'Game of Thrones' hackers demand ransom in latest HBO breach

  • 'Game of Thrones' hackers demand ransom in latest HBO breach

'Game of Thrones' hackers demand ransom in latest HBO breach

Hackers are demanding several million dollars of ransom to HBO, threatening to reveal data and confidential documents stolen from the american chain.

Game of Thrones, the most popular program HBO is producing right now, has been hit hardest by the leaks. Those documents include data like HBO CEO Richard Plepler's email contact list (with almost 40,000 entries) and a cast list for Game of Thrones that includes actor phone numbers, addresses, and email addresses.

Doxxed Game of Thrones Actors " One document appears to contain the confidential cast list for Game of Thrones, listing personal telephone numbers and email addresses for actors such as Peter Dinklage, Lena Headey and Emilia Clarke".

"We continue to work 24h/24 with companies of cyber security and with the police to resolve this incident", added the press release. As expected HBO will deny giving ransom and hackers will leak more episodes of HBO's shows.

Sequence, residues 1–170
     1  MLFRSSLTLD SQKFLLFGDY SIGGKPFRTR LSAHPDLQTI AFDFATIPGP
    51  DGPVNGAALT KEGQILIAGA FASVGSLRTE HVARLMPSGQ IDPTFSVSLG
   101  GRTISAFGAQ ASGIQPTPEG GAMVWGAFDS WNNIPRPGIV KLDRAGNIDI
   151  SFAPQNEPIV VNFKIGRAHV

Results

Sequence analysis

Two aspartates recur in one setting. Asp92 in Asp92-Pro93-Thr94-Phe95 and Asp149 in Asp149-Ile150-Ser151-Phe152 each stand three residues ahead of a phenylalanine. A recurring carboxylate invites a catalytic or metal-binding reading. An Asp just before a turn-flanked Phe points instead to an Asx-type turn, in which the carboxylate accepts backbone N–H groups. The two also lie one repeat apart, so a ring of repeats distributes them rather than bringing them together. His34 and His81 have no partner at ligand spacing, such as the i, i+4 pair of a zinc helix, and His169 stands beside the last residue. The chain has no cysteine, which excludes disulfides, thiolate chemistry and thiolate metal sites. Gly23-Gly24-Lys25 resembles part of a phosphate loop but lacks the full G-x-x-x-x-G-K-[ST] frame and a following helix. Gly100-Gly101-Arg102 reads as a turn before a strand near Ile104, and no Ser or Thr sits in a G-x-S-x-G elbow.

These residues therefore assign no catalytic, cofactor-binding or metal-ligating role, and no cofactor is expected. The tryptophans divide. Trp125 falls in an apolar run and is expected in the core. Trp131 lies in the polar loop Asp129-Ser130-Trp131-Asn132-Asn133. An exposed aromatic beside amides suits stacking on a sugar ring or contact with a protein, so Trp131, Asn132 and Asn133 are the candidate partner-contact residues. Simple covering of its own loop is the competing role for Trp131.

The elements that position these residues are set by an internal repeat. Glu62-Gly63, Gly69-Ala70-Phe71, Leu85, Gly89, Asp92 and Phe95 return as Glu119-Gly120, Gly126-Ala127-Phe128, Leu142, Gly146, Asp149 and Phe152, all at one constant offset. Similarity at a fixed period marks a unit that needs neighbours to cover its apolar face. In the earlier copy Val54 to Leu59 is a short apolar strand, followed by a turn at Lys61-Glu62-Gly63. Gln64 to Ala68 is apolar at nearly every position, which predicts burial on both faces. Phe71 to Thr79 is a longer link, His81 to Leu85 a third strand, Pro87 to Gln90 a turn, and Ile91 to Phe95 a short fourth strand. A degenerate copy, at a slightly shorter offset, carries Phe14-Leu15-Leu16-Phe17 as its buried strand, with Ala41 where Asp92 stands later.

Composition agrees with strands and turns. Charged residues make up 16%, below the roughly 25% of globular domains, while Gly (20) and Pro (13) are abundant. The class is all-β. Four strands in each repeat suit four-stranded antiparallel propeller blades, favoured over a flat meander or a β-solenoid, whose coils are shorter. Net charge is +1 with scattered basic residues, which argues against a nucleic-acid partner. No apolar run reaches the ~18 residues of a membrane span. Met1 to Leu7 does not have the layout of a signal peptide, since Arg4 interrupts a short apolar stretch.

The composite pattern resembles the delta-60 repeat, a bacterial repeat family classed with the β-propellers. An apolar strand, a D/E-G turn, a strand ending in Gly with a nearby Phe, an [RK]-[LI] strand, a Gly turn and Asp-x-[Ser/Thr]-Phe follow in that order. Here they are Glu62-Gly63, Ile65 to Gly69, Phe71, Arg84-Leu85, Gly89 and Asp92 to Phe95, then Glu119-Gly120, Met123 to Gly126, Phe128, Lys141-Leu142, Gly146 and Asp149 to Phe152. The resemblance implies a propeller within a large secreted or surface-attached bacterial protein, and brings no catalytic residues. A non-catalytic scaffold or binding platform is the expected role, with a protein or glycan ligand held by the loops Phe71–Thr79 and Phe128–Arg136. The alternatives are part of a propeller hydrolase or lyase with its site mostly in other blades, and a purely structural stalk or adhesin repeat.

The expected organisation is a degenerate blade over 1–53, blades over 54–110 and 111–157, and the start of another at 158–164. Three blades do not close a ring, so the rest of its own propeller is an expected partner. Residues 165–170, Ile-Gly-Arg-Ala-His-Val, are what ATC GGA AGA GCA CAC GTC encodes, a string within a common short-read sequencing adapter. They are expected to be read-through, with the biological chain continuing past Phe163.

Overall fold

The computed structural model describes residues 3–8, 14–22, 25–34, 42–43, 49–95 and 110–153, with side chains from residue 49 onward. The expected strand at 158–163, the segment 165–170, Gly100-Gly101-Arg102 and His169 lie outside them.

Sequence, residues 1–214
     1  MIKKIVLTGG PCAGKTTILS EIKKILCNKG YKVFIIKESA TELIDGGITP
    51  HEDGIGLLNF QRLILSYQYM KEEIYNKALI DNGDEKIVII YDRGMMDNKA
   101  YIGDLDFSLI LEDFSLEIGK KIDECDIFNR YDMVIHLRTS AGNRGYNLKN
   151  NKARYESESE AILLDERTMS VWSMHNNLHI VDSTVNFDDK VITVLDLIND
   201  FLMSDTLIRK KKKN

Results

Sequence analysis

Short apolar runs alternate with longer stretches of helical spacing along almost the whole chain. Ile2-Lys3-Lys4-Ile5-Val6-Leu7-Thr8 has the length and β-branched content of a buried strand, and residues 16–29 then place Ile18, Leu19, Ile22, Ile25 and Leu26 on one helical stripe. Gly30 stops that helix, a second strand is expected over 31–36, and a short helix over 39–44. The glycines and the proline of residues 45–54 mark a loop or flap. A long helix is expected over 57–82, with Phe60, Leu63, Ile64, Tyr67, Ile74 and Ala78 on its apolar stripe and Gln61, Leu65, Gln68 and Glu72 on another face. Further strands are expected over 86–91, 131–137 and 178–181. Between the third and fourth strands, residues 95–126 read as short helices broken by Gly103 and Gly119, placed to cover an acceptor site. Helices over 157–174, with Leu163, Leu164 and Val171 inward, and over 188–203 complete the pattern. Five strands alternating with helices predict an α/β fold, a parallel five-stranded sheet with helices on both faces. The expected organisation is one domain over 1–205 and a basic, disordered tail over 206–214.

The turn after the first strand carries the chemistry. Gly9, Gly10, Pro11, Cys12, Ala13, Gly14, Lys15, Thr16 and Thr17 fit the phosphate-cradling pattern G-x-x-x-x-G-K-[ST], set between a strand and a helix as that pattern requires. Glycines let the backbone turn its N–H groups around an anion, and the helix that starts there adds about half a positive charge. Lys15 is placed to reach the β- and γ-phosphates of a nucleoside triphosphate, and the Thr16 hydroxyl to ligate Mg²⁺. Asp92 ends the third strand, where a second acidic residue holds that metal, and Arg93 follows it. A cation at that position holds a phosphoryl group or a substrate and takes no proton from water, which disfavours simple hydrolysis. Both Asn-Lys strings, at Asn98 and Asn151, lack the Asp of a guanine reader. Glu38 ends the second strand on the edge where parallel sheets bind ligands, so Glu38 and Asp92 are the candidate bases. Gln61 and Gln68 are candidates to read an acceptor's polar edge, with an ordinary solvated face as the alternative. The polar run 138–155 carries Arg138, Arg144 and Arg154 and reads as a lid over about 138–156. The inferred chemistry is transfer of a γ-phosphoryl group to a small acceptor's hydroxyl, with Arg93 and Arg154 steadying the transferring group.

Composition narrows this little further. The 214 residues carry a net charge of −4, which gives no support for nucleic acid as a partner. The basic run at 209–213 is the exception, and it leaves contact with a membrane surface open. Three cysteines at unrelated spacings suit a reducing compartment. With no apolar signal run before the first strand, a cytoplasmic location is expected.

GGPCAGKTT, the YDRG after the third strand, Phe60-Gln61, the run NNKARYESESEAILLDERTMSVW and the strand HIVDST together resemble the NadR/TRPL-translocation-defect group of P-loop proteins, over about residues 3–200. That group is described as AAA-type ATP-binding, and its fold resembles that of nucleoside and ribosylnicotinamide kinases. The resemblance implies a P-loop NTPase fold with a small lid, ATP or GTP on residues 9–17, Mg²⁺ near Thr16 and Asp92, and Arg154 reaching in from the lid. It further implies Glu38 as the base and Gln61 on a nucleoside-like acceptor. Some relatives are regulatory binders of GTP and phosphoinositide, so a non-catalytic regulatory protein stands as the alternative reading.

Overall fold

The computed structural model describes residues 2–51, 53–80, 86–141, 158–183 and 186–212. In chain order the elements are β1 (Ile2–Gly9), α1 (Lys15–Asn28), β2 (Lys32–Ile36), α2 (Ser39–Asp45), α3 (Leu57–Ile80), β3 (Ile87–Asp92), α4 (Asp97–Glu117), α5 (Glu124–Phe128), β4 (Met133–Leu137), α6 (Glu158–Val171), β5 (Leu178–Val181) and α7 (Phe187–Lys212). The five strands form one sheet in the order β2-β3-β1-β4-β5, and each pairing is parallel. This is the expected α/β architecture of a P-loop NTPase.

At the end of July, a group of hackers revealed they'd successfully hacked United States cable channel HBO. They said they would only deal directly with "Richard" and only send one "letter" detailing how to pay.

Moreover, the hackers have also delivered a video message to HBO CEO Richard Plepler and said that they've been able to breach HBO's networks after 6 months. An unaired episode of the Game of Thrones latest season was released online and HBO had nothing to do with it.

In a new dump, they also published a script for the as yet unbroadcast fifth episode of the current series. Hackers earlier in the week had managed to gain access of HBO's servers but the leak apparently was from a different source.

Last week, HBO's Game of Thrones suffered a massive hack after a group wrote an automated email reply sent to Variety.com that it will release the TV show's episodes every week.

On August 2, days after the HBO hack was first acknowledged, Plepler told staff, "We do not believe that our e-mail system as a whole has been compromised, but the forensic review is ongoing".